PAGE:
Ozone Rage ST Detailed Features
Each earcup on the Ozone Rage ST contains a single 40mm driver for sound. That’s pretty standard across the board. Extra drivers in the earcups are always nice, but you won’t see that in the price range of the Ozone Rage ST. The single driver means you’ll have to rely on software for surround.
The microphone on the Ozone Rage ST is omni-directional and has six 5mm drivers. That helps with noise cancellation as well as picking up the sounds you want. There isn’t an EMI isolation unit like we’ve seen on higher end headsets, though. That means your recordings might pick up a little interference. The max SPL on the mic is -38dB and the impedance is around 2.2k Ohms. Again, those numbers are all in the pretty standard range.
Let’s go over the rest of the specs of the headset, although you won’t find anything really out of the ordinary. The frequency response on the speakers are 20Hz to 20kHz. The driver impedance is a standard 32 Ohms and the max SPL at 1kHz is 85dB. That 85dB isn’t quite as high as some other gaming headsets, but it should do the trick. I’d like to see up to around 115dB, but a little distortion that loud shouldn’t be too noticeable.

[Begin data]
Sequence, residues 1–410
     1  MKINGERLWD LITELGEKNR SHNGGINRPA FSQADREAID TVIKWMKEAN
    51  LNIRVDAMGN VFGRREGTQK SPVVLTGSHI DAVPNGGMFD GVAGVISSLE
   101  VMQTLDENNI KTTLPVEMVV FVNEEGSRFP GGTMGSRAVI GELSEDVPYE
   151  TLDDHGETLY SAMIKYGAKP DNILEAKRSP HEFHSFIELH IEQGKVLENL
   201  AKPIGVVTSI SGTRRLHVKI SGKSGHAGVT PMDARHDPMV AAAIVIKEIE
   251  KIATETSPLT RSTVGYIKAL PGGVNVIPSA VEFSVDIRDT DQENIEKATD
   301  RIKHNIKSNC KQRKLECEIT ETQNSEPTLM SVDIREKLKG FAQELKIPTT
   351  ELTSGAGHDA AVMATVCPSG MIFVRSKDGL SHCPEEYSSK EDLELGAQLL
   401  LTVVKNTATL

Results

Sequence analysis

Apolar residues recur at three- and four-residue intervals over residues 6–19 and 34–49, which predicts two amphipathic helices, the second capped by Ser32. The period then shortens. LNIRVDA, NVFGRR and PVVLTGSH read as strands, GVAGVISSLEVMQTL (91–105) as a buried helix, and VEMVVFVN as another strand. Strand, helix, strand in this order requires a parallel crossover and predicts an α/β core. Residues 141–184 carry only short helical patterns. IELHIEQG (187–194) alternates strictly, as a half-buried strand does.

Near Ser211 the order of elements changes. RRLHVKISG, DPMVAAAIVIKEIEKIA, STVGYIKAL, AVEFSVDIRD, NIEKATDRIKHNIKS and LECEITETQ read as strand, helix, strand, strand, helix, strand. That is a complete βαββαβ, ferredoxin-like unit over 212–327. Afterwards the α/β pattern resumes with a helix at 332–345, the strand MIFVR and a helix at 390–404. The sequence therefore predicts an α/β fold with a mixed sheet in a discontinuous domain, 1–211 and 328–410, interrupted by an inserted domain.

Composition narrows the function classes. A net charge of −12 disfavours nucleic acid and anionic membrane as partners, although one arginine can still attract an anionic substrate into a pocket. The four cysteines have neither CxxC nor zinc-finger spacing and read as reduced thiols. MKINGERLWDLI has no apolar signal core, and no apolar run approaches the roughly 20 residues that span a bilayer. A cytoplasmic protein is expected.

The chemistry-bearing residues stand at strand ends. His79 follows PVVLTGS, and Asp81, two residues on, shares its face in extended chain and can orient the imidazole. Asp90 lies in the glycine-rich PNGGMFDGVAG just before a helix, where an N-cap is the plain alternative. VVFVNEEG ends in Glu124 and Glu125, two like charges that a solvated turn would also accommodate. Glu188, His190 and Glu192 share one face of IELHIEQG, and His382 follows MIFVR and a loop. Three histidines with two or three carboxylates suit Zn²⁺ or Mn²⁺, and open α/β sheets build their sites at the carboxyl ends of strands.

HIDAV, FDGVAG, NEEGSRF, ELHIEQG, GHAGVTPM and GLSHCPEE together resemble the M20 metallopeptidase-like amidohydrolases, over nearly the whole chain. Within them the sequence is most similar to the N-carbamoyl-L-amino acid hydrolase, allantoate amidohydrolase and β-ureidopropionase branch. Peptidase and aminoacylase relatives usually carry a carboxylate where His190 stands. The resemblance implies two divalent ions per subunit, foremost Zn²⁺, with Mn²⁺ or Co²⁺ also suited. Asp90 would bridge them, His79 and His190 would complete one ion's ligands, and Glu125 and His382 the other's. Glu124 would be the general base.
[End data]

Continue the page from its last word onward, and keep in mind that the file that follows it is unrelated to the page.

The Ozone Rage ST Gaming headset weighs a svelte 300grams. That makes it one of the lightest headsets I’ve tested. That fact alone outweighs some of the downsides of the headset, no pun intended. I can’t stead headsets that feel heavy. After a short time, they start to get uncomfortable. With the Rage ST, I can wear the headset for hours at a time without discomfort.
The final note I’d like to make about the Ozone Rage ST is about the cable length. It is 2.5m long, which is typically plenty, and pretty average, but not quite enough for me. Even headsets with a 3m cable seem a little too short for me. I like long cables on my headset. I don’t typically just sit in one spot when I use them, I’m often moving around and I want to have that freedom. With the Ozone Rage ST, I have to use an extension cable.